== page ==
Cells possess a variety of ways of dealing with mutations that can cause them to grow uncontrollably and eventually form a tumor. The tumor suppressor gene p53 plays a critical role in these cancer prevention processes, largely by triggering a form a cell death known as apoptosis.
Many research groups are working to develop strategies for boosting p53 levels in precancerous and malignant cells. However, since approximately half of all cancers have mutations that prevent p53 from triggering apoptosis, these approaches are limited in their effectiveness in treating cancer.
To overcome the mechanisms that cancer cells develop to circumvent p53's efforts to kill those cells, a team of investigators at the Beatson Institute for Cancer Research in Glasgow, Scotland, have turned to a related gene, known as p73, that also trigger apoptosis by a more circuitous but equally effective biochemical process. In a study published in the Journal of Clinical Investigation, this team, led by Kevin Ryan, Ph.D., found that a protein designed to turn on p73, delivered to tumors using a nanoparticle, kills both primary tumor cells and those that have spread from the original tumor.
Activating p73 to trigger apoptosis is a particularly promising approach to treating cancer because this gene is rarely mutated in human cancer cells. In this study, the researchers showed that turning on p73 starts the apoptosis process even when p53 is missing or damaged. To turn on p73, the investigators used a small fragment of the normal p53 protein, which they named "37AA." Although this protein triggered apoptosis in a wide variety of cancer cells, it had no effect on healthy cells.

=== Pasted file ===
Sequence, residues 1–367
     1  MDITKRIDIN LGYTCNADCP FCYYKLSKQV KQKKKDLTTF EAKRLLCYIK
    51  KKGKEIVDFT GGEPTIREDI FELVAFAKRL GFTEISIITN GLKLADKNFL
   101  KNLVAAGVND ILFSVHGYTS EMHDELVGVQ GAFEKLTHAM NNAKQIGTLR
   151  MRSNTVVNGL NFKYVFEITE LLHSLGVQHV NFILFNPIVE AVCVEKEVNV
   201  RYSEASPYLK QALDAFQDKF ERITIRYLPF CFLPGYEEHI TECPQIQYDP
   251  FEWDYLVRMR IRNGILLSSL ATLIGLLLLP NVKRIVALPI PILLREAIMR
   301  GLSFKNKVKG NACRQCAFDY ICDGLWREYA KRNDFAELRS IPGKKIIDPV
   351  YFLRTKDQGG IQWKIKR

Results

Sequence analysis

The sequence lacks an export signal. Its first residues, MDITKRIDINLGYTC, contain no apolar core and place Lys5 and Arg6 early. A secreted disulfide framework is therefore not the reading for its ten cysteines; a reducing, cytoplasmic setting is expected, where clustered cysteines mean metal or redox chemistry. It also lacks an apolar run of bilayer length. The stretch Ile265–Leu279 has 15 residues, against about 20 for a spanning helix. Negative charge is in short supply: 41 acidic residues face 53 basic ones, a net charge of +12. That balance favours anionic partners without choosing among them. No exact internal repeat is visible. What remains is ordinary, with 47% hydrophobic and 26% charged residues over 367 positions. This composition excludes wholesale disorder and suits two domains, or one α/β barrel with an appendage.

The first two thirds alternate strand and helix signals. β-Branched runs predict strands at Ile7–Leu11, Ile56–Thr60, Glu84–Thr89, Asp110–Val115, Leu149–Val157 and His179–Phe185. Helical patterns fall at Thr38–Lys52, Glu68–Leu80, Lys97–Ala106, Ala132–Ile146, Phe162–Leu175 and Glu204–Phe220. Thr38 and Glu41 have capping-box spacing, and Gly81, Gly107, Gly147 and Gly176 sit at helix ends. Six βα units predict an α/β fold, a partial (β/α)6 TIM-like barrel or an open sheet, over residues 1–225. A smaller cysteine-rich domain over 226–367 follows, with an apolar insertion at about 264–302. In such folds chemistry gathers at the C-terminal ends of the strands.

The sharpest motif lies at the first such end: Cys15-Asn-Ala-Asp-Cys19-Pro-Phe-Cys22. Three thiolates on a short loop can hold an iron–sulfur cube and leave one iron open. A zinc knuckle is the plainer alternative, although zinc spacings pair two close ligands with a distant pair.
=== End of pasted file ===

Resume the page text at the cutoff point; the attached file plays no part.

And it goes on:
Based on their results using cultured tumor cells, the investigators created a DNA plasmid that would code for the production of 37AA. They then attached this piece of DNA to a dendrimer nanoparticle and injected it every other day for 8 days into mice bearing human tumors. The results of this experiment showed clearly that tumors in the treated animals failed to grow and even shrunk in some animals. In contrast, animals treated with a control gene experienced continued tumor growth.
"Previously, we thought p73 was just a 'sleeping partner' of p53, so we're really excited that we've found a way to harness its function to treat cancer. While our studies are still at a preliminary stage, the next phase of our work is going to focus on developing a drug that mimics the effect of the 37AA protein. We hope this strategy could then be more readily tested for its potential development in human tumors," Dr. Ryan stated.
This work is detailed in the paper "A p53-derived apoptotic peptide derepresses p73 to cause tumor regression in vivo." This paper was published online in advance of print publication. A full copy of this paper is available free of charge through PubMed. View abstract.